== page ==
Studios

 

St. Tom’s broadcast was possibly the best-produced Christmas program we had on last year.

 

Those kind words are from Bob Poplin of WHMB-TV40, Indianapolis, about the RiteSong Studios production of “A Boiler Catholic Christmas,” the first edition of which aired on December 24, 2011.

RiteSong Studios is the creation of John O’Malley and Ted Arthur, long-time friends and musicians at St. Thomas Aquinas, the Catholic Center at Purdue University in West Lafayette, Indiana. Our video production efforts originated in late November 2011, days after Bob from WHMB contacted St. Tom’s to suggest we film a Christmas TV special. Brad Bodine, St. Tom’s director of music, asked John (who for years had produced the choir’s charity CD recordings and concerts) if he could create this TV program in-house, so to speak.

“Sure, I’ll do it,” John offered, “but only if we can make the video look as good as our music will sound.”

John meant that the audio would be produced using the same professional multichannel techniques we used for St. Tom’s third CD (the mastering of which had been completed only days earlier) … and the video could only be a high definition digital multi-camera shoot with proper lighting.

“We could put a single camera in the center aisle, pointing at St. Tom’s altar with choir members arranged symmetrically in front, and do this very easily,” John said. “But it would make for such boring television that we won’t want our names on it!”

Because John’s last video editing experience was in the late 1980s when he studied Telecommunications at Purdue (“When God was a boy and all video was analog,” John says), he quickly enlisted Ted’s help. Ted had double-majored in Broadcast Journalism and Music only a few years earlier, and his considerable Final Cut Pro experience as a reporter/anchor at the NBC affiliate in Columbia, Missouri would jump-start RiteSong Studios’ first TV show. Using two new Panasonic 1080i high-definition digital video cameras, a Canon Rebel T3i DSLR camera (which also shoots 1080i video), two FlipHD 720p cameras, a Mackie Onyx 1620 Firewire-equipped 8-channel mixer, numerous microphones (including a pair of AKG C414s), Apple’s Final Cut Pro X and Logic Pro software, and about 2500 watts’ worth of lighting (effective low-budget fixtures arranged using three-point techniques), we did it! RiteSong Studios’ first-ever video project, a 30-minute program of choir music filmed live, aired on television only about three weeks after the idea first appeared on our collective radars.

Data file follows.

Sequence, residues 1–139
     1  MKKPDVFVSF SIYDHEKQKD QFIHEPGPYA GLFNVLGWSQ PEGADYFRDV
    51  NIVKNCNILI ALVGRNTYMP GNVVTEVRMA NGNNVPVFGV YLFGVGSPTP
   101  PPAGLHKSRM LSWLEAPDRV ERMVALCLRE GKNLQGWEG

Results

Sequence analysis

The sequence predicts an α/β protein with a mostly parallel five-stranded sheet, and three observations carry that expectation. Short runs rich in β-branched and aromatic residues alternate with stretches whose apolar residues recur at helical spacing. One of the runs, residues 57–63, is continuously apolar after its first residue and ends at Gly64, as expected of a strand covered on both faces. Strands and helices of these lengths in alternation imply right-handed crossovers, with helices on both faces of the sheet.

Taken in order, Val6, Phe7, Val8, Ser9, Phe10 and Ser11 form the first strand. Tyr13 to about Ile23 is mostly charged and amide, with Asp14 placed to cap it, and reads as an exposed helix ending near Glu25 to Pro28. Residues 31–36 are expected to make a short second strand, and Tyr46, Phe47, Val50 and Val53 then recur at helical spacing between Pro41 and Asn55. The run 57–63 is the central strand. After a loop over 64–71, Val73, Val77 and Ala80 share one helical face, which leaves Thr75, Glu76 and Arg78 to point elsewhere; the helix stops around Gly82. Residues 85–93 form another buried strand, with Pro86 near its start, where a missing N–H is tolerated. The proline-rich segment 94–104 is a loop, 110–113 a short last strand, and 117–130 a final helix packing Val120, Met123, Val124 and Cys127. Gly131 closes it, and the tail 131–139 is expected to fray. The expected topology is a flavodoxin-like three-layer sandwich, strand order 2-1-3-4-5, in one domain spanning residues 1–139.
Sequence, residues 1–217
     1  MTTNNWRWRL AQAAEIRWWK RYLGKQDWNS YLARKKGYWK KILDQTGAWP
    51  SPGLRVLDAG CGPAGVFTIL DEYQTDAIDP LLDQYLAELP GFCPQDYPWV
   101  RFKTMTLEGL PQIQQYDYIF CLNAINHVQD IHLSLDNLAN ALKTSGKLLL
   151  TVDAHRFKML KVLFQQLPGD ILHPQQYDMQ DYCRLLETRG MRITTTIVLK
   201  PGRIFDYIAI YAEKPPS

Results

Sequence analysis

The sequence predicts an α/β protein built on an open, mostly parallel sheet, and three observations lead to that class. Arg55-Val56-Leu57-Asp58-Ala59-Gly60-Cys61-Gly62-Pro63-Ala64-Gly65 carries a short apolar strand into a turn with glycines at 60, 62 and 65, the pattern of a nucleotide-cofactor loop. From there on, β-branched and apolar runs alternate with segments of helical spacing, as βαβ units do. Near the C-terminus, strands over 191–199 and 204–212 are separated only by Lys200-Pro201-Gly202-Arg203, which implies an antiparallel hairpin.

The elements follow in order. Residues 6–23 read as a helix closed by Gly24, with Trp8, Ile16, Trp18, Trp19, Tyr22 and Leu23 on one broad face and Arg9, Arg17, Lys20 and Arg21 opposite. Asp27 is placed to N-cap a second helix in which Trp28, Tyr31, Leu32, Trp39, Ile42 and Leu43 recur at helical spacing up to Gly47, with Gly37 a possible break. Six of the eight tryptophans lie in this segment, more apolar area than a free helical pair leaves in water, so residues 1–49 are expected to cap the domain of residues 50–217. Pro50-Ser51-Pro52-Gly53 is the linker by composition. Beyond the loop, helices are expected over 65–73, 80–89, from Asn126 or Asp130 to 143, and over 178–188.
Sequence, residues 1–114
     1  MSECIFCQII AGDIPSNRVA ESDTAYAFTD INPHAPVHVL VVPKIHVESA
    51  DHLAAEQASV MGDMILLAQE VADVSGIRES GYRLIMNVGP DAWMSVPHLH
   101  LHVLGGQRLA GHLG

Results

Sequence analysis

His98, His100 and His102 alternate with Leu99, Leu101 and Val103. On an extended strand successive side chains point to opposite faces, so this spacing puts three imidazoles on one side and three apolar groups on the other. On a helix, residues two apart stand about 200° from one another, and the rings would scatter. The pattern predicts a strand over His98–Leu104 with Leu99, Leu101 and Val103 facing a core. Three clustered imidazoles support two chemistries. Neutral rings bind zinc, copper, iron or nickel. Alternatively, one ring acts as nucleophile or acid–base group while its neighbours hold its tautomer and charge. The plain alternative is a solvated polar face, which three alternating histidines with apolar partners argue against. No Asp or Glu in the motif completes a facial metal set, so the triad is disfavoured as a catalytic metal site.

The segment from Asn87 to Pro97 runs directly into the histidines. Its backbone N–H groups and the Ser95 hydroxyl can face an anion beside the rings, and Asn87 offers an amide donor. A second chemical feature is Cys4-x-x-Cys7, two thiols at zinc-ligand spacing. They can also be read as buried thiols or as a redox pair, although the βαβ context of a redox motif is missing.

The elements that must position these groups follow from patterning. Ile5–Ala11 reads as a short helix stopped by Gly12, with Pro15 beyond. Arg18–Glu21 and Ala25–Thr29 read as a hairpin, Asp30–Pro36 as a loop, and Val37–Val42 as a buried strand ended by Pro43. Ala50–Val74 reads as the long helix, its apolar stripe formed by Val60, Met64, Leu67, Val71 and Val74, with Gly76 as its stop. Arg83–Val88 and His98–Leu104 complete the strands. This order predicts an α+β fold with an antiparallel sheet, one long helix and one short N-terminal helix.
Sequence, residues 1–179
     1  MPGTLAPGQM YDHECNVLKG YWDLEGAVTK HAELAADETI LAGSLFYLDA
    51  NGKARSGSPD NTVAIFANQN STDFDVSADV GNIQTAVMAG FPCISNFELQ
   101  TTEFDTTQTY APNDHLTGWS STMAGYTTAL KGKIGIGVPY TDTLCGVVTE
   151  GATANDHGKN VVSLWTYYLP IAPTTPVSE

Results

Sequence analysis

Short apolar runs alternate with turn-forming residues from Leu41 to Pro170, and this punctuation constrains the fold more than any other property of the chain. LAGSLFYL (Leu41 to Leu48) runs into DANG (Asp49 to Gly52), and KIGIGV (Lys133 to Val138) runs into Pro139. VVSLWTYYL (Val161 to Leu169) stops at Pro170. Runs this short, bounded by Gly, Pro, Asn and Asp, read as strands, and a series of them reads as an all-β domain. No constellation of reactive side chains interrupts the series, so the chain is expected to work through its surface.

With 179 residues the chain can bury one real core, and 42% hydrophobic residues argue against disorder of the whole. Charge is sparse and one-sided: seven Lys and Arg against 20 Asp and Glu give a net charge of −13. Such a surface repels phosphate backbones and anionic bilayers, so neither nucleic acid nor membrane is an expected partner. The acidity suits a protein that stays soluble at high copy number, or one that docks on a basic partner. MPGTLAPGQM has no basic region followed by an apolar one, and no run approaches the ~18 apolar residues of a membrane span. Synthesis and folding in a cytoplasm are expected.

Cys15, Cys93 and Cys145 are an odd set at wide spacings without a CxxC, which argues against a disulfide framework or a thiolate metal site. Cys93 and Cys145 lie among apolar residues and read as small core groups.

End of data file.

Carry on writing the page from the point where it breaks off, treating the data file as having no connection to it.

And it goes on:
Here are 6 minutes of clips from that first video:

 

Broadcast quality  |  Shoestring budget

 

2012 was a pivotal year for RiteSong Studios. Ted suggested video projects and helped John come up to speed in Final Cut Pro X; John added a pair of Mackie Onyx Blackbird units (adding another 16 channels to our digital audio recording capabilities) and a pair of GoPro Hero 1080i-capable video cameras. We have continued to study the making of professional-quality projects with budget filmmaker techniques, made possible thanks to the proliferation of modern digital recording technologies during the last several years.

So just what does “broadcast quality” mean? For us, it’s more about how the average viewer perceives quality than about how a full-time video pro would measure it. The full-time pros might measure quality via waveform/vectorscope analysis or by comparing the specs of the gear our respective teams use during production. This is perfectly valid, as some television stations require that producers demonstrate the ability to meet or exceed such requirements.

Given that RiteSong Studios unabashedly employs “budget filmmaker” techniques, we measure quality this way: How do average viewers perceive our work? Are many members of your audience able to tell that some of our gear is inexpensive? Are they able to completely ignore our production techniques and instead react emotionally to the program’s content? If they do — and if your project is for television, if the TV station is satisfied with the technical aspects of our audio and video (as WHMB has been) — then our tagline fits: Broadcast quality, shoestring budget.